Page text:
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A middle school teacher in the Rocklin Unified School District says she had to go on mental health leave after her students bullied her when they learned she was gay and that the school did not do enough to stop it.
"At the start of the school year, some students found out that I am gay — a fact I had never shared with my students," Amy Estes, who teachers 8th grade English at Spring View Middle School, posted on her Facebook page. "They posted photos online and it became the talk of the campus.
"While it is dehumanizing and painful to be outed, my hope was that it would die down. Instead, it escalated to the point that I was being harassed in and out of the classroom," she added.
Estes says she repeatedly approached her administrators about the issue at the beginning of the school year, but nothing was done.
"Their response to me was that there was drama and I should let it die down," Estes told ABC10.
It only escalated.
Estes says students started following her on YouTube and one night she got a comment from a person from Rocklin that read, "Don't be stupid, be a smarty. You can join the Nazi Party. Now accepting dykes."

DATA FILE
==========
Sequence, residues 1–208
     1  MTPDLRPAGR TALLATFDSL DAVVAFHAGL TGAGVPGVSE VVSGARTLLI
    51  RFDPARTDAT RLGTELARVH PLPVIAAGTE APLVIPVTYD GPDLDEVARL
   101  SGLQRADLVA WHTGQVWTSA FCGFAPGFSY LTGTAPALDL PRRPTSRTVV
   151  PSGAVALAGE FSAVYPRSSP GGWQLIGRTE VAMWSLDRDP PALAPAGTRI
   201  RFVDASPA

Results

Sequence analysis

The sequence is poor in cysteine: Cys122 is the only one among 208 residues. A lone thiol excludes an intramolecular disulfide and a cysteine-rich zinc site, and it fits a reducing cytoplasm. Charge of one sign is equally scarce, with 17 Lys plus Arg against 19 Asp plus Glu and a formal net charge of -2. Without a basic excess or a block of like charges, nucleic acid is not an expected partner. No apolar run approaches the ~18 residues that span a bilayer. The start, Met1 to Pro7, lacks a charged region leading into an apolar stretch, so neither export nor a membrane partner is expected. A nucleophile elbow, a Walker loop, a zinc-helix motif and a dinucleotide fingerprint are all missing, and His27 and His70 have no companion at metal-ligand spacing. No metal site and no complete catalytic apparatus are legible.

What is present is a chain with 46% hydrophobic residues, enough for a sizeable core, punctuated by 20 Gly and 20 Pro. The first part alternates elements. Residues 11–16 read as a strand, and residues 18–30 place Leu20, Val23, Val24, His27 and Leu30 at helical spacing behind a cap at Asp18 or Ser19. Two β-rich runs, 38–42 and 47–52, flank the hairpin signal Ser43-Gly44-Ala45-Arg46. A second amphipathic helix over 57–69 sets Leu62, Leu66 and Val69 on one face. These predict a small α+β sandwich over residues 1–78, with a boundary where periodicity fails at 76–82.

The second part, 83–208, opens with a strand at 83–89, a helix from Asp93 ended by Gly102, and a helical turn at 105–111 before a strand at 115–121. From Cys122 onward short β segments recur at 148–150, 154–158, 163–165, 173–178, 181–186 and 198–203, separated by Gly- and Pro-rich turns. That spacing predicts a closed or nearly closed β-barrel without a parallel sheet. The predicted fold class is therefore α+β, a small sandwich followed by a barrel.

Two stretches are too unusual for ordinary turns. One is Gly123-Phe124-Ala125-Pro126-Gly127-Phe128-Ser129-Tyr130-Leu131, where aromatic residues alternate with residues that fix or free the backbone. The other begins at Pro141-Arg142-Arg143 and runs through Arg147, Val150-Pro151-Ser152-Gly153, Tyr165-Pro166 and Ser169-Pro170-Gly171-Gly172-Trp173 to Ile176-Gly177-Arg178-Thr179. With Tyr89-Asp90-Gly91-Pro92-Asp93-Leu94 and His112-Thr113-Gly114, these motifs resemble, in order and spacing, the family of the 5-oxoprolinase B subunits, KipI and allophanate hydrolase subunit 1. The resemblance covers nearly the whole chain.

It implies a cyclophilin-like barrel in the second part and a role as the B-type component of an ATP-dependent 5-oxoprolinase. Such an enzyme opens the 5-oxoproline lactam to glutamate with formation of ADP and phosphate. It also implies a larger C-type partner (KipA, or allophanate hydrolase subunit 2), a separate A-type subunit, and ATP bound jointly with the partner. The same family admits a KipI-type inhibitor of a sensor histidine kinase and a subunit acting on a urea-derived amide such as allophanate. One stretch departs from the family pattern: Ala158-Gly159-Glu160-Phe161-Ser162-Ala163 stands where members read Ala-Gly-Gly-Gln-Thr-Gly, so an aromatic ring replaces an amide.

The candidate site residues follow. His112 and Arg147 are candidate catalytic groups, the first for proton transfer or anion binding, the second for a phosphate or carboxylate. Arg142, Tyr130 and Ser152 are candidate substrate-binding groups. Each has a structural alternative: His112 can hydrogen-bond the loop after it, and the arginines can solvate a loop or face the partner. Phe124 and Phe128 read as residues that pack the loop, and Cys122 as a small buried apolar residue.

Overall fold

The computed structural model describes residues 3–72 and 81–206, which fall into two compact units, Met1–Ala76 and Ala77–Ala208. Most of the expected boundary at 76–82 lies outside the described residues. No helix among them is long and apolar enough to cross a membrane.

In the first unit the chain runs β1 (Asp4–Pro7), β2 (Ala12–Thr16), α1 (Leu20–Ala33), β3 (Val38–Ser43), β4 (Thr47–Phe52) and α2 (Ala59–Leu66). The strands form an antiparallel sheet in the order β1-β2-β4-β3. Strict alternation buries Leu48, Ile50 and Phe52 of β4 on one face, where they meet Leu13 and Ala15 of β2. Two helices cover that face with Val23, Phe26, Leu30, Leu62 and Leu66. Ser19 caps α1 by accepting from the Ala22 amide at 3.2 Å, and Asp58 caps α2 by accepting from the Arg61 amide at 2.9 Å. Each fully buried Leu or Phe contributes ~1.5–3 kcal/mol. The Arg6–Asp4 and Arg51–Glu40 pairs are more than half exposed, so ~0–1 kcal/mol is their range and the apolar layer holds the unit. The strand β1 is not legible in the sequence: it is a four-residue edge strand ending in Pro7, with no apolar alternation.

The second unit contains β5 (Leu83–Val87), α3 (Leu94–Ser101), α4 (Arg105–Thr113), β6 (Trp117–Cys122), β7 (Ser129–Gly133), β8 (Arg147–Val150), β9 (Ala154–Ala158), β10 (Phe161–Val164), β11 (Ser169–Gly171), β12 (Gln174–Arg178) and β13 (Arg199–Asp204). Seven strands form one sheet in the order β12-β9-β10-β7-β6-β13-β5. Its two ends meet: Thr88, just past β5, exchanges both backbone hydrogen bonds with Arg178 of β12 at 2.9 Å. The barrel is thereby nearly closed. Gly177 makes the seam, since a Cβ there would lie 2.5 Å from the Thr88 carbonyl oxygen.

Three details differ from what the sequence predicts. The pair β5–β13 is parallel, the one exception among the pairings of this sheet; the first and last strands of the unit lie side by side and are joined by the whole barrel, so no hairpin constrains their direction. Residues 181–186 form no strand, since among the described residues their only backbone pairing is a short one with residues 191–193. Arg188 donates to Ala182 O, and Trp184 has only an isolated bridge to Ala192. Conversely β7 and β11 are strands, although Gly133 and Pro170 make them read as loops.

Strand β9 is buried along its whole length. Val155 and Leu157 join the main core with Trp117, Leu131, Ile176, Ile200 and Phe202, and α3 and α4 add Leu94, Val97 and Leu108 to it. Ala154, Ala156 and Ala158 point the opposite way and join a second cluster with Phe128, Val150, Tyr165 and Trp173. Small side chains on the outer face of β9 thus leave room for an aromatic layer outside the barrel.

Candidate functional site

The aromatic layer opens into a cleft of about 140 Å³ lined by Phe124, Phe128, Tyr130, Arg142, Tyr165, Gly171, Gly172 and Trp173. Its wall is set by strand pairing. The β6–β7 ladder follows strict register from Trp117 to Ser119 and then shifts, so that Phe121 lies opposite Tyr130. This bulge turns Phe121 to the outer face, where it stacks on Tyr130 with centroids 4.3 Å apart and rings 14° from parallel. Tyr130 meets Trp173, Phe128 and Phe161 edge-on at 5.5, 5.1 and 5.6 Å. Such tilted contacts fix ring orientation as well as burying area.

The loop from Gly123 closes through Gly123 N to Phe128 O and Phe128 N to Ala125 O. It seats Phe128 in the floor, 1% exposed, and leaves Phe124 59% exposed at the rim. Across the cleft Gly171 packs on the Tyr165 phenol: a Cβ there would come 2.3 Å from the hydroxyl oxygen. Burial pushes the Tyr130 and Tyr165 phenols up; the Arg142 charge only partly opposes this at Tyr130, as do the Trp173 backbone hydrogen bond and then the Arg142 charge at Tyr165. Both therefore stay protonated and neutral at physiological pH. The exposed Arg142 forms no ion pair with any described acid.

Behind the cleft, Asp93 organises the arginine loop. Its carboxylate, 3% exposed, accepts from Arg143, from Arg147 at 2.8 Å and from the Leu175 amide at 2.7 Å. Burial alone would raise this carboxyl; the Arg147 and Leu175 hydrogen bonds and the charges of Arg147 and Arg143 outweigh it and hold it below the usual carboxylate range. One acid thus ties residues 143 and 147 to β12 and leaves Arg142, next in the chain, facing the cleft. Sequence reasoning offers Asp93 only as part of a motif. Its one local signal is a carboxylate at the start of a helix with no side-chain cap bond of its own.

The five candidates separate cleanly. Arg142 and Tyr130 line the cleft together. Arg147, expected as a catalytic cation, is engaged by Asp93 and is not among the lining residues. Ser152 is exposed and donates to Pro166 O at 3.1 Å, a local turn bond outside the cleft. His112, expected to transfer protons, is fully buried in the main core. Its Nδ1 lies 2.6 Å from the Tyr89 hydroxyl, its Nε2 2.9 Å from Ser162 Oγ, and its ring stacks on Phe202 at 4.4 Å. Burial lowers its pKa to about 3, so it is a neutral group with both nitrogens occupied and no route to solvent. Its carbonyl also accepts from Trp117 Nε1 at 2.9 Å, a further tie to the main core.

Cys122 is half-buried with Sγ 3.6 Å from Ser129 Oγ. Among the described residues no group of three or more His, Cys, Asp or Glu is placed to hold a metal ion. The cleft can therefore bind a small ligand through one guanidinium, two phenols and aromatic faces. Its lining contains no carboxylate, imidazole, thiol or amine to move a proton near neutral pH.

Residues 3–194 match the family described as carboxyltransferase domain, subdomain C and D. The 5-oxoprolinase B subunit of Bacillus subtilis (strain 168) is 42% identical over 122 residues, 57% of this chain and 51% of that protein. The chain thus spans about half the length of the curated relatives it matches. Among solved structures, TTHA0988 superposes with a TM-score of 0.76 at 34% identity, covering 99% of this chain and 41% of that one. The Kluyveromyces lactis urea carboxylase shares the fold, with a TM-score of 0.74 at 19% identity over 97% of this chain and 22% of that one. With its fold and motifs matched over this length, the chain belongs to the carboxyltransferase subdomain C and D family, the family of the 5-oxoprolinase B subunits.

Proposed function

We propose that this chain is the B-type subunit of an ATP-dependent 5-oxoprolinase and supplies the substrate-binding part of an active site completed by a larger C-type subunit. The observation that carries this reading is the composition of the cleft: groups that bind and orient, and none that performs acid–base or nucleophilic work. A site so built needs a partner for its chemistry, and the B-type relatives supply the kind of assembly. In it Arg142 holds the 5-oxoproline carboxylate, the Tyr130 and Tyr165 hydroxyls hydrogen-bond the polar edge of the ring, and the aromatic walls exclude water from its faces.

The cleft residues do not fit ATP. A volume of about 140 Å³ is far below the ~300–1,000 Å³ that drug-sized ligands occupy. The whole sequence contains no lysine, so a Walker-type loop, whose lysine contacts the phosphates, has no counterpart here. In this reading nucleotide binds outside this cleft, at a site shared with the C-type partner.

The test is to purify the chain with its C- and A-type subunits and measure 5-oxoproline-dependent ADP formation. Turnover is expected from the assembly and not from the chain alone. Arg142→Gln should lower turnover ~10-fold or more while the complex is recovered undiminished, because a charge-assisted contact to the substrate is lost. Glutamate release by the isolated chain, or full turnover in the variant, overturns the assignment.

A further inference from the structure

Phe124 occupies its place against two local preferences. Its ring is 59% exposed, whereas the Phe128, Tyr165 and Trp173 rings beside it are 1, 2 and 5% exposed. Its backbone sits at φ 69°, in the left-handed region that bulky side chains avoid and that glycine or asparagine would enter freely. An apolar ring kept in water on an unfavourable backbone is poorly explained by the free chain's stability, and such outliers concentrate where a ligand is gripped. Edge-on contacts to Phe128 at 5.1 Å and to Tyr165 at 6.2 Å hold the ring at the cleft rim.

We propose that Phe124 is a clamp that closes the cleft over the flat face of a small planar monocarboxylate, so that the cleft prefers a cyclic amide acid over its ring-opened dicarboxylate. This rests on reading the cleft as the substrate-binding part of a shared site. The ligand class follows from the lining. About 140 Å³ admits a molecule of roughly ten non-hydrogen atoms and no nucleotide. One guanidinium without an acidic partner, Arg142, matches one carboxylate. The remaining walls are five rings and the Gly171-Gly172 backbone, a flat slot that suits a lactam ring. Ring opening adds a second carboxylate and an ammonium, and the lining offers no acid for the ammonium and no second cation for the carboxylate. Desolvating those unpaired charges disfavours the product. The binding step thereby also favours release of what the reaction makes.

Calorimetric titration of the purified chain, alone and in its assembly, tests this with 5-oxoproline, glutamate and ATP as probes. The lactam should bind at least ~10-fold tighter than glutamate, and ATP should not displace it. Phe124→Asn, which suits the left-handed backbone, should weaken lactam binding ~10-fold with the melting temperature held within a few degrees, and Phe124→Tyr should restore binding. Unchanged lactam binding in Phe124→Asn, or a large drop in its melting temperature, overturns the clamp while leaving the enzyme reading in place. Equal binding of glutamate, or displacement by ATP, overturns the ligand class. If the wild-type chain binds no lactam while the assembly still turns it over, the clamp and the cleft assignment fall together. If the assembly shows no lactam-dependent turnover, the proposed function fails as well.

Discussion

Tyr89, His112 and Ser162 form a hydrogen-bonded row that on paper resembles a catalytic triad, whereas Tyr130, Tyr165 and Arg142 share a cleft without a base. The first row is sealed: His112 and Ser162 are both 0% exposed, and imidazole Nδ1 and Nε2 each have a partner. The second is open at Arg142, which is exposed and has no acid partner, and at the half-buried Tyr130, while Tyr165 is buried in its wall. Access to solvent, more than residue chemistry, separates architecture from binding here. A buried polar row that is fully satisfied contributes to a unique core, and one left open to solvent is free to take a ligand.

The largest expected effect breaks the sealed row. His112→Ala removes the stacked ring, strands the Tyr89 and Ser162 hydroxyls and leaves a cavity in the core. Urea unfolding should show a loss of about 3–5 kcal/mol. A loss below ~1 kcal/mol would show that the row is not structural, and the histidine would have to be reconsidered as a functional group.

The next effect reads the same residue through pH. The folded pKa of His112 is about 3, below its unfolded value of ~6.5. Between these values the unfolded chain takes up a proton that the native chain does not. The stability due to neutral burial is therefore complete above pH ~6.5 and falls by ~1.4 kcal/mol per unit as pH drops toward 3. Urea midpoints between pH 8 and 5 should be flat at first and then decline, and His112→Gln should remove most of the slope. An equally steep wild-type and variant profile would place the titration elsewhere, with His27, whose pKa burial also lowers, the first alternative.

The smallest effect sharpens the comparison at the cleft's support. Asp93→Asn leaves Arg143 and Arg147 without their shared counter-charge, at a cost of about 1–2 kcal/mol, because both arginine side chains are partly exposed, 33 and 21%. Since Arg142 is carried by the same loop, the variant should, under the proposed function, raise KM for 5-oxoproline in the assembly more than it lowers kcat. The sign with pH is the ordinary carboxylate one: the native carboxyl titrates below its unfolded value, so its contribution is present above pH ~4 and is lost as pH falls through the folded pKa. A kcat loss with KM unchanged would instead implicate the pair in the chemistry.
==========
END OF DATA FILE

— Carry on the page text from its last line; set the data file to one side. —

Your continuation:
A few months later, a student made a disparaging comment about gay marriage during a class presentation that included remarks about "homos" and comments that it is "Adam and Eve" not "Adam and Steve."
Feeling like she had no support from the school district, Estes says she started feeling depressed and anxious and ultimately went on mental health leave. She is now working with a lawyer to reach an agreement with the school district and is considering legal action.
In a statement, a spokesperson for the Rocklin Unified School District told ABC10, "A priority for the Rocklin Unified School District is to ensure that all our students, staff and family members feel welcome, safe and supported.
"We respect the rights and diversity of everyone in our RUSD family. However, since this matter involves the potential for litigation, we can't respond further."
Estes says while those words sound good on paper, she believes more needs to be done to ensure everyone at her school feels safe and supported.
"My number one concern here is this is a district where kids don't feel safe," Estes said. "So, I feel like if I have a platform and an opportunity due to my experience to share, and hopefully make a change, that's my ultimate goal."
A Rocklin elementary school recently made headlines for a controversy over a transgender book. Some parents were outraged a kindergarten teacher read students the book "I am Jazz" about a transgender child.
Follow the conversation on Facebook with Liz Kreutz.
Editor's note: An earlier version of this story mentioned that a Rocklin Unified School District school had a controversy over a transgender book being read in kindergarten class. That school is in Rocklin, but not part of the RUSD.